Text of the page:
CHINA Spring Festival takeout trade poised to take off


Spring Festival takeout trade poised to take off


08:12, January 29, 2021

Restaurant employees prepare takeaway Lunar New Year's Eve dinner dishes at Deyuelou Restaurant in Suzhou, East China's Jiangsu province. (Photo: China Daily)

Pandemic expected to spark rush of online orders

On Jan 13, the first day of the 12th lunar month, the number of searches for "Lunar New Year's Eve dinner" on the online food ordering platform Eleme quadrupled compared with the same day last year.

Fang Jie, who is responsible for the platform's Lunar New Year's Eve dinner project, said the number of searches usually rises only after the Laba Festival, also known as the Rice Porridge Festival, which falls on the eighth day of the 12th lunar month.

However, with new cases of COVID-19 reported in several places in China, people are being encouraged to remain in cities where they work to celebrate the Spring Festival holiday, which this year runs from Feb 11 to Feb 17.

Many people have started to make early preparations for their Lunar New Year's Eve dinner, Fang said.

"Last year, due to the pandemic, online business in the catering industry grew significantly. We expect that for Lunar New Year's Eve dinner this year, takeout choices will rise further ... from the number of restaurants to the variety of dishes offered," she said.

Countless people working away from their hometowns will miss their parents' signature dishes at family reunion dinners on the eve of Spring Festival this year.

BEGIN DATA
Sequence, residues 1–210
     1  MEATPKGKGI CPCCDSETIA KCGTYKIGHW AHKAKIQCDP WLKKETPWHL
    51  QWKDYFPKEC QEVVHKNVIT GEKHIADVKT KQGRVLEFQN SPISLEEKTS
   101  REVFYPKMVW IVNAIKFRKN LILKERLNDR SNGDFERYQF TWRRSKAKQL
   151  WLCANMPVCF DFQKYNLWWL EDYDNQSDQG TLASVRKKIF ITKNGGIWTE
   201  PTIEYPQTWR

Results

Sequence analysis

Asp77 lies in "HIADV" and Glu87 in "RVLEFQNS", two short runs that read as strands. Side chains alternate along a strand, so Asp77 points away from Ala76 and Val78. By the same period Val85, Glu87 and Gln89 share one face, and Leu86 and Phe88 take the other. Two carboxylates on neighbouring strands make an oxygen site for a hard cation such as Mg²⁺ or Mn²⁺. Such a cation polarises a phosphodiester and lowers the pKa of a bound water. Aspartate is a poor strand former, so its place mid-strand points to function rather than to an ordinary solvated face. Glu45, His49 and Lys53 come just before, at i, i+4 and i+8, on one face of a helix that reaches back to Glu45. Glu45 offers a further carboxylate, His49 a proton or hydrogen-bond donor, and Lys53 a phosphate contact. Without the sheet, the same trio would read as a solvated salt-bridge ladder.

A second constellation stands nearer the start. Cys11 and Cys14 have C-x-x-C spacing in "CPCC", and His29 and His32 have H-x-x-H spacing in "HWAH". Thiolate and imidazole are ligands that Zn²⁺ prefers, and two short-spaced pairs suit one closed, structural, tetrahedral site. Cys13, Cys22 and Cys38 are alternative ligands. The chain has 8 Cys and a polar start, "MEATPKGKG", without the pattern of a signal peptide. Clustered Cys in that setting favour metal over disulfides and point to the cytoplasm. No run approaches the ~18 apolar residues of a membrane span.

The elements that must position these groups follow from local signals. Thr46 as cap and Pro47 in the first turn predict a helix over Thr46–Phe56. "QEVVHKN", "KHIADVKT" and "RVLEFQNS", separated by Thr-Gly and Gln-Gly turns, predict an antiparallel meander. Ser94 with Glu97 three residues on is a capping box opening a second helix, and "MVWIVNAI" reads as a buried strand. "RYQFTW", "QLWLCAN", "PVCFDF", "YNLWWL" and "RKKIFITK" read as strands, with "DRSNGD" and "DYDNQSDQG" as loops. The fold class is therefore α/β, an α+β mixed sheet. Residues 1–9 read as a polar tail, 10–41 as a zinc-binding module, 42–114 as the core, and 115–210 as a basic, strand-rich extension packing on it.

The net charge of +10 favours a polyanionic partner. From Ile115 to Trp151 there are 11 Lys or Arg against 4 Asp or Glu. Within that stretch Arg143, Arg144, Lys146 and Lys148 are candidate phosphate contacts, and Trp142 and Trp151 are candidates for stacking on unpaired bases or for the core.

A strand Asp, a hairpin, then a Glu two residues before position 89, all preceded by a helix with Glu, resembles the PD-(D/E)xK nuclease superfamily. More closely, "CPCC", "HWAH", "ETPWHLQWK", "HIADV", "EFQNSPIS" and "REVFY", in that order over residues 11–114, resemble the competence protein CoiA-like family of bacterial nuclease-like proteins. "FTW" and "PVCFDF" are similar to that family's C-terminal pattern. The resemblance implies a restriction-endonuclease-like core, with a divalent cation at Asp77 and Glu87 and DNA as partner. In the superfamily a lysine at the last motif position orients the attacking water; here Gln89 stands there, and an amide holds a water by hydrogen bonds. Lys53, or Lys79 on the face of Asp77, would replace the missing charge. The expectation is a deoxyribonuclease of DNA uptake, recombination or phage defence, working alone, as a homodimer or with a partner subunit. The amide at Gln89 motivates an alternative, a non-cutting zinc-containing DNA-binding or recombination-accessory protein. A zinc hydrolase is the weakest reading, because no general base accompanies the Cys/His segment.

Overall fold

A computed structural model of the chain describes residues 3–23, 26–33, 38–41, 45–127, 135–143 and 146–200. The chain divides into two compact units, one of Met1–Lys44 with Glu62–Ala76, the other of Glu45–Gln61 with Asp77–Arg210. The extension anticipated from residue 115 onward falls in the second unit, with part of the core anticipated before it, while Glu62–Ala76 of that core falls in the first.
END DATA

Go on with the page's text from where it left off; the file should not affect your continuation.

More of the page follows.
These meals are traditionally home-cooked, but takeout dinners are set to become a popular choice for Lunar New Year's Eve next month. Restaurants and online food ordering platforms are ready for their busiest night of the year.

Some restaurants are offering set takeout meals for two to four people, but are also catering to single diners.

Fang said Eleme is collaborating with restaurants to launch set meals for one to four diners, especially in first-tier cities such as Beijing, Shanghai and Guangzhou and Shenzhen, Guangdong province.

"It's going to be different this year, with many couples and single people having to celebrate Spring Festival on their own," she said. "Many of them do not know how to cook the main course for a Spring Festival dinner, so we hope the restaurants can help them with this.

"It takes some time for people to learn how to cook these complicated dishes, so it's better that they order takeout or semi-finished meat dishes and cook the vegetables themselves."